While Fish has dabbled in PGA qualifying school and playing the U.S. Open qualifying—the golf version, not tennis, of course—he’s insistent his interest is primarily casual. What he has attained is a label as one of the most feared participants on the celebrity golf circuit.
This weekend, Fish is considered by many to be the favorite to take the American Century Championships title in Tahoe, Calif., a made-for-TV event broadcast on NBC.
The belief that Fish could be the guy to beat is bolstered by the fact he won the similar-styled Diamond Resorts Invitational in Orlando, Fla., earlier this year. The event employs a Modified Stableford point scoring system where players earn six points for an eagle, three points for a birdie, one point for par, zero points for a bogey, and minus-two points for a double-bogey or anything sadly beyond.
In Orlando, where his tennis-teaching pro dad, Tom, was on his bag, Fish won the par-72, 6,521-yard course with a score of 79. He started the final day with a nine-point lead, and shot five birdies in the final round, including on the first and last holes.
It’s worth noting that while it was not a PGA event, Fish’s winner’s paycheck was pro worthy: he banked a cool $100,000 for the win.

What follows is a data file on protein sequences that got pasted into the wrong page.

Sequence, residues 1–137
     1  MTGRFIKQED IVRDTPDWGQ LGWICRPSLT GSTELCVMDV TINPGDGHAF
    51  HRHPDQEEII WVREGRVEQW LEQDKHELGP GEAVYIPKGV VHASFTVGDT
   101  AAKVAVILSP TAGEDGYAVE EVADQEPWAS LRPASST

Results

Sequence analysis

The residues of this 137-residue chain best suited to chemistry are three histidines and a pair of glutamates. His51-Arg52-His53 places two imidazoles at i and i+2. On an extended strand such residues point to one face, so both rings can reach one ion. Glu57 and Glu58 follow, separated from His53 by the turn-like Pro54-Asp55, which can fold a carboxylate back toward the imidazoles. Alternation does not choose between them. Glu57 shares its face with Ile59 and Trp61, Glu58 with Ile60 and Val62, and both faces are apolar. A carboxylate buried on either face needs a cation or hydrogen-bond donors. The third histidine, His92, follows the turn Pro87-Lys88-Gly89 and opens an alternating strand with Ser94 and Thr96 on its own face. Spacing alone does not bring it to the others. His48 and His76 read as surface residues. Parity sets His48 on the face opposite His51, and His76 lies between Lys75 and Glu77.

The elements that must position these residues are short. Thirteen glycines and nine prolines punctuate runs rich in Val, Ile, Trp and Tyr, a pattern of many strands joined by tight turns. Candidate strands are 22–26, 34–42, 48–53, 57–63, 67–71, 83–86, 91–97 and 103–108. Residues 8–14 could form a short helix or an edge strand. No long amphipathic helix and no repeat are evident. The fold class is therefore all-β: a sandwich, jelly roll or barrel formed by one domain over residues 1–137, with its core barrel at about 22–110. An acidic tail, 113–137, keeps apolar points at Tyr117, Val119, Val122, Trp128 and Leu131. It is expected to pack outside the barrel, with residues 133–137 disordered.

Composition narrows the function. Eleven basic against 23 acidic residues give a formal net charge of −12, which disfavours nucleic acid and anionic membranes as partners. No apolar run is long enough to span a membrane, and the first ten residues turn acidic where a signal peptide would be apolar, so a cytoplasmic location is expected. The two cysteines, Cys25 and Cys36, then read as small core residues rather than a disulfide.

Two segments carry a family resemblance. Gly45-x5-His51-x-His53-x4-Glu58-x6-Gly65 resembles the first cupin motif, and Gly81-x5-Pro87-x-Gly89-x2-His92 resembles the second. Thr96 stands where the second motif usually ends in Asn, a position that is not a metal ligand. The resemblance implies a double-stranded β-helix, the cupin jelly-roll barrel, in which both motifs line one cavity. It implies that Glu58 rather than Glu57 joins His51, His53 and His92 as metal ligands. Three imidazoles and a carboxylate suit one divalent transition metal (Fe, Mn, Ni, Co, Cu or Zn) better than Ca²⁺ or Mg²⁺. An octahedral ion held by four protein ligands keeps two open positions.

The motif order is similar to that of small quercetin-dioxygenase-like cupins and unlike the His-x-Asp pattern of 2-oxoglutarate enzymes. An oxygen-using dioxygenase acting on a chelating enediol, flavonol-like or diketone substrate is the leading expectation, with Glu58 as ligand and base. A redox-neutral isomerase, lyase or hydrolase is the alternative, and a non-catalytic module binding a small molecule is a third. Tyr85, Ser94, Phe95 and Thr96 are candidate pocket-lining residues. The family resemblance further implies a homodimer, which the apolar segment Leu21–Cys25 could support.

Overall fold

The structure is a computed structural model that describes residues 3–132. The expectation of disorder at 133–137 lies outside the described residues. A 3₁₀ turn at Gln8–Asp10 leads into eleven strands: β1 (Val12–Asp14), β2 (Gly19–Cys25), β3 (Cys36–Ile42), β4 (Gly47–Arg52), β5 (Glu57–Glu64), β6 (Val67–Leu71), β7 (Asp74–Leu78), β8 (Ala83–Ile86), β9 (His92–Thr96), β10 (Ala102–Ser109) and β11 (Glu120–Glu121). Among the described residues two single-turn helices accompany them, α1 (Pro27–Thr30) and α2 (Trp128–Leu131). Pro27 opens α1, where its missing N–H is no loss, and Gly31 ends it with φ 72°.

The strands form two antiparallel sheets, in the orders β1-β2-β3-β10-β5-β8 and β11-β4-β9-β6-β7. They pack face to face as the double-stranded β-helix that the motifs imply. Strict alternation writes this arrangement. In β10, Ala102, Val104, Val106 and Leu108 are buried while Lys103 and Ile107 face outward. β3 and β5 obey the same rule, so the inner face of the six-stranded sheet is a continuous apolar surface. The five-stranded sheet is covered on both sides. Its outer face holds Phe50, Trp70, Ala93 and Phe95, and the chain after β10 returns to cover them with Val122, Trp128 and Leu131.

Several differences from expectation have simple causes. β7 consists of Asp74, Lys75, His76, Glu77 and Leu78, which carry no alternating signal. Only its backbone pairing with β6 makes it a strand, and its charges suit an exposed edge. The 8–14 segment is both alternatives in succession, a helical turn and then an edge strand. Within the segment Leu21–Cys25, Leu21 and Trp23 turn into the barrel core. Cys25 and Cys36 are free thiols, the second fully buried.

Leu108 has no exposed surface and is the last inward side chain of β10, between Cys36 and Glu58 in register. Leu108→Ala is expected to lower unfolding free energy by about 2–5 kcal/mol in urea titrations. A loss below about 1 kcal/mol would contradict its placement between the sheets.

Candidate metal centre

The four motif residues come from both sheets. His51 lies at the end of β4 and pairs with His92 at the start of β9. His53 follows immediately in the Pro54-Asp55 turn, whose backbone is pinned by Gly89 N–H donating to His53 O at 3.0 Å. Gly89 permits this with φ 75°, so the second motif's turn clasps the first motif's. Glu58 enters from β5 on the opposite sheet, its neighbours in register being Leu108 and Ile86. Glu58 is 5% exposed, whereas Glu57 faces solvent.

“The satisfaction was probably a little bit more when I won some of my six tennis tournaments just because that was my real job,” he says. “But everyone is competitive—a lot of the guys are really good players. It’s really fun and almost everyone at these things checks their egos. I wish there were more of these events.”
Former American pro James Blake, a close buddy of Fish’s, is also on tap to play at the American Century Championships. Blake has no illusions of grandeur, understanding his golf skills don’t add up to par like Fish’s.
“I have no chance of winning, but he does,” Blake says, laughing. “I played it last year and finished around 30 in the middle of the pack. I did well for me, but I’m not expecting to go in there and win it ever. Mardy, however, is that talented. It’s just like his backhand—he has a very natural swing.”
Blake, a Los Angeles neighbor of Fish’s, believes his friend has come through the tough times and has found peace of mind in his post-tennis career.
“Mardy was so used to being regimented and doing all the things he had to do to be on tour,” Blake says. “When that’s no longer there it could be tough at the beginning. I think he’s found his way of keeping busy and filling time. I think in the looking back you realize the kind of pressure we put on ourselves when you’re out here. “
“When you’re doing it, it might seem normal, but it was a pretty unique career. Now he’s trying to live a little more of a normal life and I think he’s really good with where he’s at.”
Without a doubt, Fish is content with family life. He and wife, Stacey, have one son with a new baby on the way. For now, he isn’t looking for a full-time commitment but did leave the door cracked a bit to a possible, more professional approach to his future in about 16 years from now.
“I could see, maybe, when I’m 50 trying to go out for the golf senior tour,” he says. “Right now, I’m just playing to enjoy it. I certainly don’t have the time or the love to practice. I’ve done it my whole life with tennis and I kind of rebel a little from putting in the long hours to try and get better at golf. At least that’s how I feel now.”